The adult presentation of ADHD is more subtle than in children. It includes disorganization and poor time-management skills; impulsivity with poor self-control often demonstrated via rude comments and frequent interruption of others; emotional difficulties rooted in low self-esteem and poor affect regulation; and difficulty in concentrating and completing even simple tasks.

As with most other psychiatric fabrications, the person so diagnosed could also be said to be suffering from a profound alienation disorder. In so doing one must note that alienation is something that occurs in social relationships and between people, such as between a psychiatrist and his victims. Should we have a bad apple here, perhaps the reason is because somebody has managed to infest the barrel with worms.

The adult version of this fraud has a long way to go before it has anything like the pervasive presence that the adolescent or juvenile version has, but I expect that that presence, owing to the now official status of the disorder, is on it’s way.

“It’s a very controversial area outside of psychiatry but also inside psychiatry,” according to Dr. [Robert D.] Davies [University of Colorado psychiatrist]. “A psychiatric colleague of mine had diagnosed an adult patient with ADHD and then wanted to refer him to me. I asked why. He said, ‘Because I don’t believe in it.’”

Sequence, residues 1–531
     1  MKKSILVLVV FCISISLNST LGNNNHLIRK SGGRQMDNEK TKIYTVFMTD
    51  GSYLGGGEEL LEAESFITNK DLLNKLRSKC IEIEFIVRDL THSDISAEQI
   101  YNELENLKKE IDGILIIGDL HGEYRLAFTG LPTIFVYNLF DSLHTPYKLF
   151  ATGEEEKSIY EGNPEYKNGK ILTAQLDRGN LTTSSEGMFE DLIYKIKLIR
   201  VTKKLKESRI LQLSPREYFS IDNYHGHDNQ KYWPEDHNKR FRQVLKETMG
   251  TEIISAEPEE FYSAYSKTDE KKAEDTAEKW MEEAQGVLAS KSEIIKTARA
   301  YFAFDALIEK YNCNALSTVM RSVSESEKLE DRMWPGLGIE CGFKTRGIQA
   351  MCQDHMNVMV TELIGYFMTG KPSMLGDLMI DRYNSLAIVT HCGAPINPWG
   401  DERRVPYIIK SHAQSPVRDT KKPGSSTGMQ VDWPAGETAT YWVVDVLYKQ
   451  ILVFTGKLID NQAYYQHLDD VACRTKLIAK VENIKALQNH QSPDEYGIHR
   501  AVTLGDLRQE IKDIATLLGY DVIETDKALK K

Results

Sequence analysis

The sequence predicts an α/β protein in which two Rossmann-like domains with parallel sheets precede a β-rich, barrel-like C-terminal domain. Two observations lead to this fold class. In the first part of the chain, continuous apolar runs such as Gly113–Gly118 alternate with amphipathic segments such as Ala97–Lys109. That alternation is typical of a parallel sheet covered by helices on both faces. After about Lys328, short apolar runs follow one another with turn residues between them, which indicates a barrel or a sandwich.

Obviously the Church of Biological Psychiatry has some work to do before this diagnosis sells speed the way it’s adolescent and juvenile version does, but needless to say, that uphill slope is being mounted at this very moment. With the diagnosis now being  given official “disease” status, how long can it be before more and more spontaneously generated cases of adult ADHD start crawling out of the woodwork?

Mental patient forswears hospitalization for punishment in prison

If anybody thinks the horrors of forced psychiatric treatment over blown, Las Vegas Channel 13 ABC News has a story about a man who prefers prison. In fact, so chagrined at his treatment was he that he confessed to murder. I imagine if this man had had a little more patience, he would have been released back into society, eventually, no questions  asked.

The heading to the story reads, Man confesses to murder to get out of psychiatric hospital.

On July 9, a detective with the Las Vegas Metropolitan Police Department received a phone call from [Henry] Perez.

Calls to police stations are fairly common.

Perez told the detective that he wanted to confess to a murder that had occurred several years ago on Calcaterra Circle.

Phone confessions of murder, not so much.

Perez also told the detective that he wanted to confess to the murder because jail was better than being in a mental facility.

There, you’ve heard it straight from the horses mouth. If he has any reason for lying, it isn’t because life is a breeze in the mental hospital.